Not that long ago, the only ways that a person could communicate with someone in a remote location was either through letters or by telephone if the parties both had access to telecommunications devices. Now, Floridians can quickly contact friends, family members and work contacts all around the world with the touch of a finger on their smart devices. Technology has made this big world smaller and made it easier for individuals to share with others.
Not surprisingly, many industries and parts of society have found ways to incorporate the use of technology into their operations, including the courts. When it comes to family law, technology is beginning to play an interesting role in the field of child custody and visitation through the development of virtual visitation legislation.
Virtual visitation is a way that noncustodial parents and their kids can stay connected when they cannot be physically together. For example, if a parent had to move out of state in order to maintain their employment, they may not be able to carry on a traditional visitation relationship with their kid. Virtual visitation would give them scheduled and uninterrupted virtual time with their child and would connect the pair through visual and audio applications.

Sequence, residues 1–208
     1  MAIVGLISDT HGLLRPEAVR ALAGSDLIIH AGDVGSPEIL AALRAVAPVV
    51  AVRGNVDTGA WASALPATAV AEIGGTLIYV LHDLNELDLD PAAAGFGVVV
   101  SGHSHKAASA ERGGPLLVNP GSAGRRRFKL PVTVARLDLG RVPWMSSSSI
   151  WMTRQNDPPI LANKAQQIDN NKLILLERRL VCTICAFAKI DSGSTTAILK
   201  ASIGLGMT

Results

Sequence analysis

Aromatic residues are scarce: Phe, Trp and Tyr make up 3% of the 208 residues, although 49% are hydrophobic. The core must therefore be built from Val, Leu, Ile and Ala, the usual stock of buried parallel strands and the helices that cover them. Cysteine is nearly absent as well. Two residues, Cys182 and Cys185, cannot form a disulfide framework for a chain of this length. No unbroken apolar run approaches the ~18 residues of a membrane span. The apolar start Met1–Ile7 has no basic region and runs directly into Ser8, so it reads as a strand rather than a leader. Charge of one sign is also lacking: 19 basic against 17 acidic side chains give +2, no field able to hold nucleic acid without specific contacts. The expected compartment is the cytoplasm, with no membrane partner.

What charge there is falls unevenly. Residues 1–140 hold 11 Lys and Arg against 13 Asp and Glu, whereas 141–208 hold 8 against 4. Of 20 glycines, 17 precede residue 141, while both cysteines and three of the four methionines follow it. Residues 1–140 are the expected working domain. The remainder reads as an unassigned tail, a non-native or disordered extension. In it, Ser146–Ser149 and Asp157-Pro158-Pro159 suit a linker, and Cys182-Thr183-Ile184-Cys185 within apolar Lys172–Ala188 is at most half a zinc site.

Virtual visitation is not intended to be a substitute for a parent actually spending physical time with their child. It does, however, enable parents and kids who are not otherwise able to be near each other to maintain the important relationships that can only exist between such close relations.
Like other forms of visitation, when virtual visitation is ordered by a court, a custodial parent must respect the noncustodial parent’s time with the child. Readers with interest in virtual visitation are encouraged to discuss it with their family law attorneys.